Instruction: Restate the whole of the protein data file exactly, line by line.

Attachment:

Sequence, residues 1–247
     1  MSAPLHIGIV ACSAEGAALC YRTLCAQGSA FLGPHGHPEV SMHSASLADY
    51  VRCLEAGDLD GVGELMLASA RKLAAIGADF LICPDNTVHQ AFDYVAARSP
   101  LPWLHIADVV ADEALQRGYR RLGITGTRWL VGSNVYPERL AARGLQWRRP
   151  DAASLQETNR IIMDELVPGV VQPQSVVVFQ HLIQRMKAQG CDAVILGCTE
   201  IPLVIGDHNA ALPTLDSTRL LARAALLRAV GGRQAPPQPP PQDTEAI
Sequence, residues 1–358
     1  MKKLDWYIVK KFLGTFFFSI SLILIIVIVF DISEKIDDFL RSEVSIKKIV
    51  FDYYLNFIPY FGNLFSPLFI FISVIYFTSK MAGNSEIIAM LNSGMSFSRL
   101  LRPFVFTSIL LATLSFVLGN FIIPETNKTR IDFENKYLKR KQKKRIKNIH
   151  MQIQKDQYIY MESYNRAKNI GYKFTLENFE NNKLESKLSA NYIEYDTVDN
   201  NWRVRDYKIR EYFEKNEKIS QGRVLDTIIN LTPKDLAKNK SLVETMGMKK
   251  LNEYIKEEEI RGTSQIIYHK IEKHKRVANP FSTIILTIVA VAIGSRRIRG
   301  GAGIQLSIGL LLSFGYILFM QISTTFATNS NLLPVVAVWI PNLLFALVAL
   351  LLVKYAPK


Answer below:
Sequence, residues 1–247
     1  MSAPLHIGIV ACSAEGAALC YRTLCAQGSA FLGPHGHPEV SMHSASLADY
    51  VRCLEAGDLD GVGELMLASA RKLAAIGADF LICPDNTVHQ AFDYVAARSP
   101  LPWLHIADVV ADEALQRGYR RLGITGTRWL VGSNVYPERL AARGLQWRRP
   151  DAASLQETNR IIMDELVPGV VQPQSVVVFQ HLIQRMKAQG CDAVILGCTE
   201  IPLVIGDHNA ALPTLDSTRL LARAALLRAV GGRQAPPQPP PQDTEAI
Sequence, residues 1–358
     1  MKKLDWYIVK KFLGTFFFSI SLILIIVIVF DISEKIDDFL RSEVSIKKIV
    51  FDYYLNFIPY FGNLFSPLFI FISVIYFTSK MAGNSEIIAM LNSGMSFSRL
   101  LRPFVFTSIL LATLSFVLGN FIIPETNKTR IDFENKYLKR KQKKRIKNIH
   151  MQIQKDQYIY MESYNRAKNI GYKFTLENFE NNKLESKLSA NYIEYDTVDN
   201  NWRVRDYKIR EYFEKNEKIS QGRVLDTIIN LTPKDLAKNK SLVETMGMKK
   251  LNEYIKEEEI RGTSQIIYHK IEKHKRVANP FSTIILTIVA VAIGSRRIRG
   301  GAGIQLSIGL LLSFGYILFM QISTTFATNS NLLPVVAVWI PNLLFALVAL
   351  LLVKYAPK